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writing for godot

Perry Mason on Trump: ​‘Incompetent, irrelevant and immaterial’

Written by Robert Douglas   
Sunday, 19 July 2020 02:33


Our Reality Show President might not do well in rerun


If a tree falls in a forest and no one is around to hear it, does it make a sound?

George Berkeley, the Irish philosopher, posed this question in 1710 as a thought experiment.

f you don’t test for Covid-19, are there really any cases?

Donald Trump, the U.S. President, is posing variations of this question in 2020 as a political gambit.


Berkeley championed the theory of immaterialism, which holds that things don’t exist unless we perceive them. Since Trump doesn’t read, he probably has not studied the theory of immaterialism as advanced by Berkeley. But since he watches a lot of television, it’s almost certain he’s familiar with the theory of “incompetent, irrelevant, and immaterial,” as advanced on Perry Mason reruns.


In fact, I could make a case that Trump is the embodiment of incompetence, irrelevance and the immaterial, inasmuch as he:

  • has botched the federal response to the coronavirus pandemic;
  • routinely interjects new talking points to divert the media when the news isn’t going his way; and
  • is forever chasing conspiracy theories that have no basis in fact and peddling lies to his gullible followers, confident that they will perceive them as fact.

It would be funny if it were not so serious.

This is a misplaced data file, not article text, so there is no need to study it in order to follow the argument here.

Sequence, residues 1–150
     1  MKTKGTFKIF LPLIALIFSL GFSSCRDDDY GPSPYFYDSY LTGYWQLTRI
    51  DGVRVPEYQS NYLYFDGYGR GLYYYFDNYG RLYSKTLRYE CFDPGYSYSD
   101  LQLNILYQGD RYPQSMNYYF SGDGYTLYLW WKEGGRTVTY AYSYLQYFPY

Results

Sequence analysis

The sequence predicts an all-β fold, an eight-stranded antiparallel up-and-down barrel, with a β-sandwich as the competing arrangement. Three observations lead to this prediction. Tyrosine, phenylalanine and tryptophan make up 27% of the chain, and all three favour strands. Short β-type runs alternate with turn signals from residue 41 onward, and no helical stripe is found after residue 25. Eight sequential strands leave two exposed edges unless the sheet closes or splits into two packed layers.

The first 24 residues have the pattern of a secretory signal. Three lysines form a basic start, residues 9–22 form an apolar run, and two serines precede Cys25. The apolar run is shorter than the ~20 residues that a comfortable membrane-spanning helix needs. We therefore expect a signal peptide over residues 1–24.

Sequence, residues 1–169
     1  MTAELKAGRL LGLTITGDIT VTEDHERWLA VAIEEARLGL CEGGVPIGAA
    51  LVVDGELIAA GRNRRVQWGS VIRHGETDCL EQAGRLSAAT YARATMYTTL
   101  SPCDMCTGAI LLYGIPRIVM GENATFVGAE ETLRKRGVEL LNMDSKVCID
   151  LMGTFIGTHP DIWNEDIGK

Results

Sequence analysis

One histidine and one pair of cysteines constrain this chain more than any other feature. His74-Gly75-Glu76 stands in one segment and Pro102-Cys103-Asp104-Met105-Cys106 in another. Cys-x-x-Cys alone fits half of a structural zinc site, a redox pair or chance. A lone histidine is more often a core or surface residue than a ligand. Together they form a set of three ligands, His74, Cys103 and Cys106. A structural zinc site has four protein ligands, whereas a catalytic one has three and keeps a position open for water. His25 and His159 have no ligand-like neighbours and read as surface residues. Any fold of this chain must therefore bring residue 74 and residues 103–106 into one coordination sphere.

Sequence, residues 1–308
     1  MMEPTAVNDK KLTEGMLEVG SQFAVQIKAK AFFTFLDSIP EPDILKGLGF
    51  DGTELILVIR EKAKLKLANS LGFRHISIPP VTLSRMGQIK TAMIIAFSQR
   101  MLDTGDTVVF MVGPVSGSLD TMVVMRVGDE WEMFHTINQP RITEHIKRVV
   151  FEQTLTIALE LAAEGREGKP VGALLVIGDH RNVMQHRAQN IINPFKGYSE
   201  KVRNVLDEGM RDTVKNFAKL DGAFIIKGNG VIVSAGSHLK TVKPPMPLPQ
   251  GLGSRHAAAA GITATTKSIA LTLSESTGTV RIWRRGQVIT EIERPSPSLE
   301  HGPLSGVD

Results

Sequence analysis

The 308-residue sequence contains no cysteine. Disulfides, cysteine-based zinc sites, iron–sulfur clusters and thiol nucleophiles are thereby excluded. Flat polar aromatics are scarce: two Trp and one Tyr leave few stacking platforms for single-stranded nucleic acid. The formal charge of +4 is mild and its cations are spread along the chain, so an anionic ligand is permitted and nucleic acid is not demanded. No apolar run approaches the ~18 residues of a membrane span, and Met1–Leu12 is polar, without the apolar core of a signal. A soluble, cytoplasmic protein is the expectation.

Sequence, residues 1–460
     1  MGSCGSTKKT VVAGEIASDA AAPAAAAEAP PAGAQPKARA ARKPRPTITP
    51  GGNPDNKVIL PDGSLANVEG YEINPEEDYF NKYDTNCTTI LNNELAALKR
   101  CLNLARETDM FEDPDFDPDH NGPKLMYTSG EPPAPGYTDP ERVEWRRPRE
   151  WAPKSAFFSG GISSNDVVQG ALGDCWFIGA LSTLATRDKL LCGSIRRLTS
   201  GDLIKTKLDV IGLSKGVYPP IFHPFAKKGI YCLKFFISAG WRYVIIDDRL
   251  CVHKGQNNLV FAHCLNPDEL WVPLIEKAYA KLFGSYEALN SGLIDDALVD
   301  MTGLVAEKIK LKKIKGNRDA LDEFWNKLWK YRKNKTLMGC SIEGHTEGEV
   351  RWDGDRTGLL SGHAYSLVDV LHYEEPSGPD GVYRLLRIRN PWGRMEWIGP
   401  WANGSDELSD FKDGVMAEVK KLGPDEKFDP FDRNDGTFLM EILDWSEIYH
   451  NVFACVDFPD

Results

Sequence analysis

His pandemic response  shows  us who he is

His incompetent leadership in the face of the biggest public health care crisis in our lifetime is costing lives and resulting in economic hardship. If the U.S. had acted as quickly and decisively as South Korea and Germany, for example, we could have saved thousands of lives and jobs.


And Trump’s aversion to masks and social distancing, combined with his obsession with opening up the economy and sending children back to school before it is safe, is more than irresponsible. If he were a real war-time president, as has styled himself, his mishandling of these issues would constitute war crimes.


But Trump is a master at diverting attention from the magnitude of his incompetence by creating distractions that our ADHD corporate media chase like cats stalking a laser beam zapped by a delinquent  human in a dark room. So whenever his ineptitude comes into too sharp a focus in the public’s mind, Trump waves his laser pointer at an unrelated issue and sends the press corps scurrying. Often, it is something that puts him in a poor light. For example:

If his diversions get the focus off his handling of Covid-19: mission accomplished.


While the incompetence of Trump is scandalous and his canny mastery of the irrelevance is audacious, it is his embrace of the immaterial that would make Hamilton Burger’s jaw drop and George Berkeley rethink the notion that reality doesn’t exist unless we perceive it.


Imagine Trump on TV trial